Bottle ID: 237

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Date: 1770-1820

Height: 56 mm

Walrus ivory, of flattened squared form with rounded shoulders, and a cylindrical neck, with a neatly carved oval footrim, stained a brilliant green in imitation of jadeite and of a smooth and waxy texture.

Similar Examples:

Lawrence, Clare. Miniature Masterpieces from the Middle Kingdom - The Monimar Collection of Chinese Snuff Bottles, 1996, pp. 50-51, no. 19.39.
Moss, Hugh, Victor Graham and Ka Bo Tsang. A Treasury of Chinese Snuff Bottles - The Mary and George Bloch Collection, 2009, Vol. 7, Part 1, pp. 234-235, no. 1559.
Hughes, Michael C. The Blair Bequest - Chinese Snuff Bottles from the Princeton University Art Museum, 2002, p. 103, no. 110.


Clare Lawrence Ltd.
Sotheby's, Arcade Sale, New York, June 14, 1994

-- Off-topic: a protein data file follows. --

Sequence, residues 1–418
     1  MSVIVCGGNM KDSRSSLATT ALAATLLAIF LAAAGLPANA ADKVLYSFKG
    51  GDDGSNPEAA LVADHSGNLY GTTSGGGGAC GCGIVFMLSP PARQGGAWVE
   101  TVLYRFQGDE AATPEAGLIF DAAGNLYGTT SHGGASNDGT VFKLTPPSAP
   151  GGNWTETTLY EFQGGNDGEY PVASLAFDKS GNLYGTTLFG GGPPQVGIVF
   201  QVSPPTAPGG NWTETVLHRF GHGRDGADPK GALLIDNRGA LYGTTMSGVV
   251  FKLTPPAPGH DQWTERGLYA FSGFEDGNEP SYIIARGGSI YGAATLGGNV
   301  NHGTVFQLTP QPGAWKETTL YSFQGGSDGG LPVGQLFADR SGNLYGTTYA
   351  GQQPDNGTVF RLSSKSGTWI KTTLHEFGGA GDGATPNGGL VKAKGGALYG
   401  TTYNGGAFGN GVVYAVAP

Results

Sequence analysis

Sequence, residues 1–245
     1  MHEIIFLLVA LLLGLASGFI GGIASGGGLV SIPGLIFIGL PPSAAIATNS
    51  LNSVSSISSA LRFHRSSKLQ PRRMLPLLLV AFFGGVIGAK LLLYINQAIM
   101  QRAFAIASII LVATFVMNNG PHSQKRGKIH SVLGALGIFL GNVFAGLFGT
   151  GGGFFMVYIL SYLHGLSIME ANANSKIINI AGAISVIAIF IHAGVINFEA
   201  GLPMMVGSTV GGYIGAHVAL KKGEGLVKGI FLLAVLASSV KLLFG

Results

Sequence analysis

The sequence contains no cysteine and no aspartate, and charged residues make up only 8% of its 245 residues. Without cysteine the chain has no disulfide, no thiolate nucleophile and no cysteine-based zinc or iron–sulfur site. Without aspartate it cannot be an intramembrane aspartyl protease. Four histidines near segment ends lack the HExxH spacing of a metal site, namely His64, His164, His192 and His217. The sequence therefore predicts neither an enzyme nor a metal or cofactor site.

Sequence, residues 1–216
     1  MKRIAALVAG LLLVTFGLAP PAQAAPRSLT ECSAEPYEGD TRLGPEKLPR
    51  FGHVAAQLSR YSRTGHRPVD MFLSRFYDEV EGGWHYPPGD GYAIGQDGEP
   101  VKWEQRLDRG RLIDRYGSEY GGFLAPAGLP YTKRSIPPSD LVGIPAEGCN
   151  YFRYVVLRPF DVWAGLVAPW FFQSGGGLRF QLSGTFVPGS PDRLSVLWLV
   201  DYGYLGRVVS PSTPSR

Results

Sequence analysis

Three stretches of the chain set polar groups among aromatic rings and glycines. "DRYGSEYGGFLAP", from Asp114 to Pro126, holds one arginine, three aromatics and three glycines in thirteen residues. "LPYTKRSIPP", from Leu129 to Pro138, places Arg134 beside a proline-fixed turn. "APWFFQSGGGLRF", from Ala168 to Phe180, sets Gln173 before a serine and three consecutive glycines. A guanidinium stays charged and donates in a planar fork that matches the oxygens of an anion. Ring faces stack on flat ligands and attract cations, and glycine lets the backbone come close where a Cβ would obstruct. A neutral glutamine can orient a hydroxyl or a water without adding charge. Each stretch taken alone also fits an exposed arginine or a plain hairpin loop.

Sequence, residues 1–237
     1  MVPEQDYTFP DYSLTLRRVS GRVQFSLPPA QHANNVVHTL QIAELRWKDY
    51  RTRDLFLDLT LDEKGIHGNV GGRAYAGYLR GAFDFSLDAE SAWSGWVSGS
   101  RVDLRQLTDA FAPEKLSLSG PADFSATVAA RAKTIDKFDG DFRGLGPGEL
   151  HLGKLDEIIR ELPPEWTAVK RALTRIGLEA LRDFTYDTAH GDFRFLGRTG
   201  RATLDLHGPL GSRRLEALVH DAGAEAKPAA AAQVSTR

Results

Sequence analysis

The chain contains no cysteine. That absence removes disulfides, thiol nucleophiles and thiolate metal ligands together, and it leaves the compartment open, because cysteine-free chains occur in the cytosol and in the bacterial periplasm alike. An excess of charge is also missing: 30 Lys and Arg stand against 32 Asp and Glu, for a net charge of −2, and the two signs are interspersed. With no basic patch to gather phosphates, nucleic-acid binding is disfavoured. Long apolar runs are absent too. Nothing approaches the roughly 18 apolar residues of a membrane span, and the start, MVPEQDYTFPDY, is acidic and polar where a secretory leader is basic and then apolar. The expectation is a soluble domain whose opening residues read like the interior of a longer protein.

Edith Griswold

Marine ivory bottles are at least as rare as those fashioned from elephant ivory and it is usually the walrus tusk that is used for fashioning snuff bottles in the Qing period. Very few of these bottles are carved, most are left with a plain surface although some have mock mask and ring handles which are almost always very well carved with fine detail. The majority of these walrus ivory bottles are stained with a brilliant emerald green color presumably in imitation of jadeite, although, unlike jadeite they acquire a soft patination with handling and are a joy to hold. If this is the case, jadeite appeared at the Court in the last quarter of the 18th century and walrus ivory bottles should therefore also be dated from around that period.

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